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The problem with making my own pizza from scratch is two-fold: 1) I’ve enjoyed so many good pies over the years that anything I produce is bound to disappoint, and 2) I know people who know how to make terrific pizza and are willing to offer up their dough recipe.
The picture to the left, believe it or not, is my recipe for two pounds’ worth of pizza dough. It’s based on a recipe forwarded by Mark Furstenberg, the master baker late of G Street Food. He suggested I reduce the hydration by five percent so the dough would be easier to work with. I felt like I was back in algebra class, trying to figure out the baker’s math on this baby.
My headaches didn’t stop there, either. Once I did the math, I had to convert it into ounces, since my home scale doesn’t weigh in grams. Then I had to find a place in our old Takoma Park bungalow that was warm enough to let the dough rise — but near enough to a TV set so I could watch college football and occasionally fold the goddamn dough. My chosen spot, the basement, was not ideal.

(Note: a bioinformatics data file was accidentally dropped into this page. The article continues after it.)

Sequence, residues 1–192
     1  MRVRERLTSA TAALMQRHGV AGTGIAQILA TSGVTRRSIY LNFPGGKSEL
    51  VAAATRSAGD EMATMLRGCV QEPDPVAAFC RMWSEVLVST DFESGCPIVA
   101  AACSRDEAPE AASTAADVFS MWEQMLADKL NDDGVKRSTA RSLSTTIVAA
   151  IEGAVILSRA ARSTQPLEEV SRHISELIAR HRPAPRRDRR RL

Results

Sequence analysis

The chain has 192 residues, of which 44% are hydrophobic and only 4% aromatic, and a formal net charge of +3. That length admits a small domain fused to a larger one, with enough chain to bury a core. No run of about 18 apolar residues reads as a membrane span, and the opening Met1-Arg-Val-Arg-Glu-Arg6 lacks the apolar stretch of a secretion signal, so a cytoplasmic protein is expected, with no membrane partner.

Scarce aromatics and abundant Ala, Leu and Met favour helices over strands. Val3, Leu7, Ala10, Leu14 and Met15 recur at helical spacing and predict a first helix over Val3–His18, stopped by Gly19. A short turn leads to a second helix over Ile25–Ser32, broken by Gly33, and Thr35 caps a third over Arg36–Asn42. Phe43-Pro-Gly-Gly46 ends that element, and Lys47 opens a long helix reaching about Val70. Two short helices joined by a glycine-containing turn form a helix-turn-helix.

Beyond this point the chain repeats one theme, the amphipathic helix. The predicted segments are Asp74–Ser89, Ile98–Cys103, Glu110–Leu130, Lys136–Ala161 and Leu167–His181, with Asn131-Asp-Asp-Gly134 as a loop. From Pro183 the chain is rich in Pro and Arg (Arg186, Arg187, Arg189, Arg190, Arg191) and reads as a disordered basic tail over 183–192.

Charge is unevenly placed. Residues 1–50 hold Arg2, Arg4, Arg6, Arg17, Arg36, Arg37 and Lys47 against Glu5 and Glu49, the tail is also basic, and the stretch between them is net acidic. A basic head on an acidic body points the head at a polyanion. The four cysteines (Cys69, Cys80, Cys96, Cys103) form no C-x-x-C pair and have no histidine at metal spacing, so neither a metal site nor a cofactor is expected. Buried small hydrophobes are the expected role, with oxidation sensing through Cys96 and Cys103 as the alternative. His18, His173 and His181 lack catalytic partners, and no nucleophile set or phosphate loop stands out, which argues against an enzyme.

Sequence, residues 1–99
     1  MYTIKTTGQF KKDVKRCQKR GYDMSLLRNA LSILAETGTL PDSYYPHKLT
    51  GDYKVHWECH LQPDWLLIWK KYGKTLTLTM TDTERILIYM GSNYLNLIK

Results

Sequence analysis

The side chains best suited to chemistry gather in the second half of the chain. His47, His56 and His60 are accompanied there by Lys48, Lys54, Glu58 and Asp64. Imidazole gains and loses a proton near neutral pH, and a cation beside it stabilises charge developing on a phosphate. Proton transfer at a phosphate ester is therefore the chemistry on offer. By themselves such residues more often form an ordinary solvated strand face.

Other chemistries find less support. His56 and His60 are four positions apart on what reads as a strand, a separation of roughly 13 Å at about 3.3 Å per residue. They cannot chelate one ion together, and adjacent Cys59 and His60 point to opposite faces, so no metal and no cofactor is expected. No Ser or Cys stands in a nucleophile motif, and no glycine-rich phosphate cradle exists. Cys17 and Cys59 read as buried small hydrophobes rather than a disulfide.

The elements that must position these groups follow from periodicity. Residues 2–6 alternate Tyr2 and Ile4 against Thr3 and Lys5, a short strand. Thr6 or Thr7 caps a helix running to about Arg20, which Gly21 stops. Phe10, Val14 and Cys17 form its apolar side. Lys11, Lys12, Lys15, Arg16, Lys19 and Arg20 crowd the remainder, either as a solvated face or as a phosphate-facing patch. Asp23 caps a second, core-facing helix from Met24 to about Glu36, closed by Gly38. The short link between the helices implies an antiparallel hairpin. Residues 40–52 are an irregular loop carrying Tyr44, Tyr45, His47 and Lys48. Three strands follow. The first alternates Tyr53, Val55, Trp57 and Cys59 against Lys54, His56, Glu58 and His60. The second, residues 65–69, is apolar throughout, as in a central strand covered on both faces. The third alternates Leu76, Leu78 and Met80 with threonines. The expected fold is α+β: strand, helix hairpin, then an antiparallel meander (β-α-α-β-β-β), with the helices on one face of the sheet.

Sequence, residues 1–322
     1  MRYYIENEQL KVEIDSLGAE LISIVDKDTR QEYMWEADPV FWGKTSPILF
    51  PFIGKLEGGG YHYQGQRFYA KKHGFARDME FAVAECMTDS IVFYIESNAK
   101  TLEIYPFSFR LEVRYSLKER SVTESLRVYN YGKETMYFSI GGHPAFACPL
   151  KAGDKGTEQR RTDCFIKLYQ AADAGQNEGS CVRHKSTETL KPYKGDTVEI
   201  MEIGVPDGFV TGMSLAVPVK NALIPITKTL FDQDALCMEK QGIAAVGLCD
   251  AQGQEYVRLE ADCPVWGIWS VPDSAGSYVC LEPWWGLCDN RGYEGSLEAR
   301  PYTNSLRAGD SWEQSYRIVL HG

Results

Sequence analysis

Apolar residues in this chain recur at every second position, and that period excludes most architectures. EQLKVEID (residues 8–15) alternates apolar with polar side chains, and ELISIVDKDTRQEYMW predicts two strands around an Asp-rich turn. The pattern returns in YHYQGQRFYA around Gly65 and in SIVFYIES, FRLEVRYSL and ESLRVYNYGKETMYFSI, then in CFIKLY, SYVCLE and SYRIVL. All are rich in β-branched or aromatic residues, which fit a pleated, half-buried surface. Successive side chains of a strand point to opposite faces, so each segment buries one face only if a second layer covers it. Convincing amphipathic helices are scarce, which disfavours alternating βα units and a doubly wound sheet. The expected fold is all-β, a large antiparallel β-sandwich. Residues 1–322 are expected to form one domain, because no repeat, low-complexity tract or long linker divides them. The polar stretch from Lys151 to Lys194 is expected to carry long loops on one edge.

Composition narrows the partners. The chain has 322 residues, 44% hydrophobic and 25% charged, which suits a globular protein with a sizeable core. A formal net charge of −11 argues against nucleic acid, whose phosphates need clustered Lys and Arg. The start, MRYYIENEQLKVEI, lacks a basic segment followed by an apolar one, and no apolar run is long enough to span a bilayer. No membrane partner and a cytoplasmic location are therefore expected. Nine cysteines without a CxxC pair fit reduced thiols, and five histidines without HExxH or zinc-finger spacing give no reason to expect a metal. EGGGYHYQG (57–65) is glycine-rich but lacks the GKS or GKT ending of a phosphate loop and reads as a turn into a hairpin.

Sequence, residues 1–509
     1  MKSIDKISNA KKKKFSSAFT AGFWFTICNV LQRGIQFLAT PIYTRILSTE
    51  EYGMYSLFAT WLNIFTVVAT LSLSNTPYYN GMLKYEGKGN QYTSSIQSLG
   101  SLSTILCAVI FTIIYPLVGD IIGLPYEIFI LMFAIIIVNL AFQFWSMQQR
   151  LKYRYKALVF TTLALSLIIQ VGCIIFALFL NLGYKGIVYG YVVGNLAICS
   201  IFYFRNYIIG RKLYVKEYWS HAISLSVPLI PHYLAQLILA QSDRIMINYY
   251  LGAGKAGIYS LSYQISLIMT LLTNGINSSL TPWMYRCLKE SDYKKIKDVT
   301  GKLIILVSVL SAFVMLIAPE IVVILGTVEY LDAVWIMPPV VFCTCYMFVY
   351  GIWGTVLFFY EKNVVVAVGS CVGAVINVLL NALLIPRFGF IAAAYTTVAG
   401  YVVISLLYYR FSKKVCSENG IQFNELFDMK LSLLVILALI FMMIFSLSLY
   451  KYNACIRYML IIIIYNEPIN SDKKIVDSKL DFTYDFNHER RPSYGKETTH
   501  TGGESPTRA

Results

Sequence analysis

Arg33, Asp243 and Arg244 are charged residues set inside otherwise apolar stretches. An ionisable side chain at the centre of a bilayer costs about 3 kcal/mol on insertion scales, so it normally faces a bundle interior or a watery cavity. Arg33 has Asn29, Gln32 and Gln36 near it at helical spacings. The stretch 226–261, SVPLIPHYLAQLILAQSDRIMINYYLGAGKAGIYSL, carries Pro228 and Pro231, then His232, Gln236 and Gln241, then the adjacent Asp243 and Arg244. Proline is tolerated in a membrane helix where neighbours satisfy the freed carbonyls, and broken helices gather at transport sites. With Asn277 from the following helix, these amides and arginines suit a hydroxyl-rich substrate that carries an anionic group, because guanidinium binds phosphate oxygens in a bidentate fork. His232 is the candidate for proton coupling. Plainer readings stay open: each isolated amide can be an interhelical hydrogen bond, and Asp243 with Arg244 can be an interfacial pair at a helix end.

Oh, the compromises of a home baker who grew up in Nebraska.
The Y&H pie in all its salty and crispy glory.
The next day, I pulled the dough from the fridge, let it warm and rise some more, and then shaped the ball into the closest thing to a pizza round. (This is when I learned about “resistant” dough and how to deal with the reluctant bastard.) I ladled on the home-cooked sauce (long cooked to sweeten the sauce and cut down on tartness) and applied the basil leaves, fresh mozzarella, Italian sea salt, and olive oil.
I took the prepared round to some friends’ house for New Year’s Eve and baked the thing on a stone. Ten minutes later, I practically had to pry the pizza off the stone because it had sat too long before we popped the pie into the oven. My fellow partiers said they enjoyed the pie; they marveled that it was my first pizza ever made from scratch.
My own review?
I loved the thin, crispy crust, which remained horizontal even when held aloft. I didn’t love its lack of flavor, which I blame on the cold basement and my addiction to college football. I also wanted more chew to the dough; it was crispy, all right, but not chewy the way all good crusts are.
Finally, the whole thing was too salty (though not absurdly so). I made the classic rookie mistake: I salted everything to taste, not taking into account the pizza as a whole, how the salt would become too overpowering when I brought the dough and the sauce together and shaved a little umami-loving Parm over the top.
This is why superb pies take weeks and weeks (months and months? years and years?) to perfect. My hat is off today in humble recognition of D.C.’s best piemakers.